There's no benefit or choice, really - one
ServiceHost (instance of that class) can host exactly one service, and for each service, you need a separate service host. It's a 1:1 mapping - always, no choice.
But of course, your Windows NT service or console app can have multiple
ServiceHost objects active at the same time. This can be useful if you have a set of services that logically belong together and can't really exist without one another - where it doesn't make sense to have one of them started and another one not started.
And yes, a service host can host a service which exposes multiple endpoints, and multiple clients can connect on those separate endpoints at the same time, no problem. The WCF runtime will spin up a number of worker threads to handle incoming requests (you can limit those with the ServiceThrottling behavior) independently of each other.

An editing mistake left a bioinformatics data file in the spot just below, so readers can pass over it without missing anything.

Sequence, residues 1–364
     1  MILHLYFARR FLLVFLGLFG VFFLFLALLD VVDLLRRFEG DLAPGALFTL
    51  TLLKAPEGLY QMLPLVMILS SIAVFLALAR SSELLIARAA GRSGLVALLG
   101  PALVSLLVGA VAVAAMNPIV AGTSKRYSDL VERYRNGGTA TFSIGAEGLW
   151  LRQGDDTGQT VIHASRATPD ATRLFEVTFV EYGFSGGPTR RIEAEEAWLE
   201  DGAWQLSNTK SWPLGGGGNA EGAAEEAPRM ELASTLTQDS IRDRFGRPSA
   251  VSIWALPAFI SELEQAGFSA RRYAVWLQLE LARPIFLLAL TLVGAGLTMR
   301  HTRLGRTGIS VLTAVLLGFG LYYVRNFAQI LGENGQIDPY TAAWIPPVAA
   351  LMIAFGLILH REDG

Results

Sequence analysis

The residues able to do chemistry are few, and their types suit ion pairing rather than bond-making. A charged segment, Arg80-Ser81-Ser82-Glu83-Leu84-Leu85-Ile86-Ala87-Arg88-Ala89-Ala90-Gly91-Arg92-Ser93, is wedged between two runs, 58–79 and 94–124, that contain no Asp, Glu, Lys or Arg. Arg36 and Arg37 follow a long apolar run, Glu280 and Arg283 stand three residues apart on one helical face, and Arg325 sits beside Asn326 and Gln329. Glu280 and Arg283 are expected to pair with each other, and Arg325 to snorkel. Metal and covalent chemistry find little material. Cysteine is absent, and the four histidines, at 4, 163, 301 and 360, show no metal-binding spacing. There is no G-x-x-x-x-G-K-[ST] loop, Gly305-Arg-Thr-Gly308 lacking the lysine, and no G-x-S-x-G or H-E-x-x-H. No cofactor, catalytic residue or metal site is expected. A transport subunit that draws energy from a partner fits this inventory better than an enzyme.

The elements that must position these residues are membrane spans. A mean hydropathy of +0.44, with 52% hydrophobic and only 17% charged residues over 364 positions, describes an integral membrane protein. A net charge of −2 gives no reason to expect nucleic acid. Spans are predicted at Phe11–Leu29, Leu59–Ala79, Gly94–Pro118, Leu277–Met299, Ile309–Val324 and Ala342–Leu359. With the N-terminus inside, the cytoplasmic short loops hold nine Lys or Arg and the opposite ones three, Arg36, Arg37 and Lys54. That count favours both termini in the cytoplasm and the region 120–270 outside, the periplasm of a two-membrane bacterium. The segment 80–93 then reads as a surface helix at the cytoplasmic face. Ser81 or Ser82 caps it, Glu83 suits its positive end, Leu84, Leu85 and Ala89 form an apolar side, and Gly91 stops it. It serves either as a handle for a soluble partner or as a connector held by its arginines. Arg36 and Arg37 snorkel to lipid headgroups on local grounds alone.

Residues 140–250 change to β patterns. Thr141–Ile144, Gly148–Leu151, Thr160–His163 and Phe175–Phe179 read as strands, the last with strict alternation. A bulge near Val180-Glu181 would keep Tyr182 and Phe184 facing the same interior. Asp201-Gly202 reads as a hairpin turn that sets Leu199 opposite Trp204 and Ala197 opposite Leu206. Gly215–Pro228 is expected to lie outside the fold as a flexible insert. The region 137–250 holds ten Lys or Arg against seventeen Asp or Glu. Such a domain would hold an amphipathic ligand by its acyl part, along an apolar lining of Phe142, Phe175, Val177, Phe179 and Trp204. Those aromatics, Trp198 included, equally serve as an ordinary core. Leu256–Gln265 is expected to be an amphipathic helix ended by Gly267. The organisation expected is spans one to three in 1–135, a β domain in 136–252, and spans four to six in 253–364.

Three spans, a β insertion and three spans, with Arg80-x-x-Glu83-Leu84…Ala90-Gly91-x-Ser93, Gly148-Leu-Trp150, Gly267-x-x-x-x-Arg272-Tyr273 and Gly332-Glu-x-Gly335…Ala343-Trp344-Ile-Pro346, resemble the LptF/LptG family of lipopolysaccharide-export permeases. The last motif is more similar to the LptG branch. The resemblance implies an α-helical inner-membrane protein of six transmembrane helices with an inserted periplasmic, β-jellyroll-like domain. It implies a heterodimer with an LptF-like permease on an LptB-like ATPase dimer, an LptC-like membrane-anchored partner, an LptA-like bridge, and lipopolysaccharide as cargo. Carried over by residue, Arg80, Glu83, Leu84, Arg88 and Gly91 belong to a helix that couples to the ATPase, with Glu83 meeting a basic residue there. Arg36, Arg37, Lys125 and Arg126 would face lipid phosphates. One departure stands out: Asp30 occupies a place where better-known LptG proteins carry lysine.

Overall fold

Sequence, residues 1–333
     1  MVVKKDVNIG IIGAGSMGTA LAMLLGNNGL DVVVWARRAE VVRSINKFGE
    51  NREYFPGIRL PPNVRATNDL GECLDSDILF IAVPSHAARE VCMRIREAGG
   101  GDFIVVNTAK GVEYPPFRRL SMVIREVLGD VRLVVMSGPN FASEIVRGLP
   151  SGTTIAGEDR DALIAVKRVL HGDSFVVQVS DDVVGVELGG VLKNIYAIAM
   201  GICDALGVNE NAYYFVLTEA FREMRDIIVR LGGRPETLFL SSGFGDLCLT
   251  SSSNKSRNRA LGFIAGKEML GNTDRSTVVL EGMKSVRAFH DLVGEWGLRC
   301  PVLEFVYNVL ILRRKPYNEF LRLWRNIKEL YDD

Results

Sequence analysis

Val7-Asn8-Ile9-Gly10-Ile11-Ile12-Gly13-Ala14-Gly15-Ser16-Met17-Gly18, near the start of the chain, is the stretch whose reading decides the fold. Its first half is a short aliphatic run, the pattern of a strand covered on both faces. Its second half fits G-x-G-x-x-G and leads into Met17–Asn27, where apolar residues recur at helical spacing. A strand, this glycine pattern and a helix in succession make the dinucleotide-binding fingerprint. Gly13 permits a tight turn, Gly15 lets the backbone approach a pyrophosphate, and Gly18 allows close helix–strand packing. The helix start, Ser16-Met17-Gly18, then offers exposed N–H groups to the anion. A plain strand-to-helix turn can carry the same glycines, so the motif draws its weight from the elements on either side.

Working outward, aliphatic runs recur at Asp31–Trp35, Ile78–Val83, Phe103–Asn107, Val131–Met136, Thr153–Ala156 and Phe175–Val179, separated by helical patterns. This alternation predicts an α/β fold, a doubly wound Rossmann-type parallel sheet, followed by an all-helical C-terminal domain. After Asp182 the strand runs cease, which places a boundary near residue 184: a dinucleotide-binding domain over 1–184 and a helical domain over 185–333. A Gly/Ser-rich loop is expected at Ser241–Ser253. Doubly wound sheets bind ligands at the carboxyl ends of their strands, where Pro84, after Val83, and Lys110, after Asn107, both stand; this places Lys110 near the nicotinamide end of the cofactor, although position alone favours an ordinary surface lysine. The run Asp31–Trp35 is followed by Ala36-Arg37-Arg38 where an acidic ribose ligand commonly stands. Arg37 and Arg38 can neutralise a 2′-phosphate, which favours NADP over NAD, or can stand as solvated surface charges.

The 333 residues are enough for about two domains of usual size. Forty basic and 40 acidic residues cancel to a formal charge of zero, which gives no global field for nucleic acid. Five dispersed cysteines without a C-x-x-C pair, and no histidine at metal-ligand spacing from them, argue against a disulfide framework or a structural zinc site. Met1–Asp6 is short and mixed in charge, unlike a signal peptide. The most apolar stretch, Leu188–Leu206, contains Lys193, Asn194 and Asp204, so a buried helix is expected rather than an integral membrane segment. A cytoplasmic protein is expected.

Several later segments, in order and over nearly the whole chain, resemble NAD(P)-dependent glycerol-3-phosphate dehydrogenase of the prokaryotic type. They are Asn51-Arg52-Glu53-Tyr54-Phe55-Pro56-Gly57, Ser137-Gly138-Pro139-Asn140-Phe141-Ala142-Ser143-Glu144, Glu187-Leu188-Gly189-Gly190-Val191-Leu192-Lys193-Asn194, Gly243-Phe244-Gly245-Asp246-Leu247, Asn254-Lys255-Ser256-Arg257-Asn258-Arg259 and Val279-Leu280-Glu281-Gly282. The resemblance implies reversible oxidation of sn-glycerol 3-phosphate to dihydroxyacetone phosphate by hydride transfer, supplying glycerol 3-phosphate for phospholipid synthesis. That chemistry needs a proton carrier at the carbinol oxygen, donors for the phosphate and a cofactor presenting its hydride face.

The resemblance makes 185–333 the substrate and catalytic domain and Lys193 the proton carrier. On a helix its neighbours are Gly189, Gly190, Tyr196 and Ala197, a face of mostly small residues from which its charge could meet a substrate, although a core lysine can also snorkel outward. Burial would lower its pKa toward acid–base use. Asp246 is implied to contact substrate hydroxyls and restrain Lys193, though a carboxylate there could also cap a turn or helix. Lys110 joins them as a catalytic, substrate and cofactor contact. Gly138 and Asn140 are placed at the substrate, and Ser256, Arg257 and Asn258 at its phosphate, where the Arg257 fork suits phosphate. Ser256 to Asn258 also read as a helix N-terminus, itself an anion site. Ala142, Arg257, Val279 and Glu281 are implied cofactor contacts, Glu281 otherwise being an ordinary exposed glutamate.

To set up and control, how many concurrent calls and requests you have, you'll need to look at the ServiceThrottling behavior on the server side.
and you need to reference that service behavior configuration in your service declaration, of course:
<service name="YourService" behaviorConfiguration="serviceThrottled">
These are the default values. The explanations are as follows (taken from Dan Rigsby's blog post, shortened):
MaxConcurrentCalls (default = 16) [Per-message] The maximum number of messages that can actively be processed.
MaxConcurrentInstances (default = 26) The maximum number of InstanceContext objects in a service that can execute at one time. For per-session service, this is equal to the maximum number of sessions, for per-call service, it's the maximum number of concurrent calls, and for singletons, it's pointless.
MaxConcurrentSessions (default = 10) [Per-channel] The maximum number of sessions that a service can accept at one time. Only comes into play with session-based bindings (wsHttp or netTcp)
Definitely also check out Dan Rigsby's excellent blog post on the topic.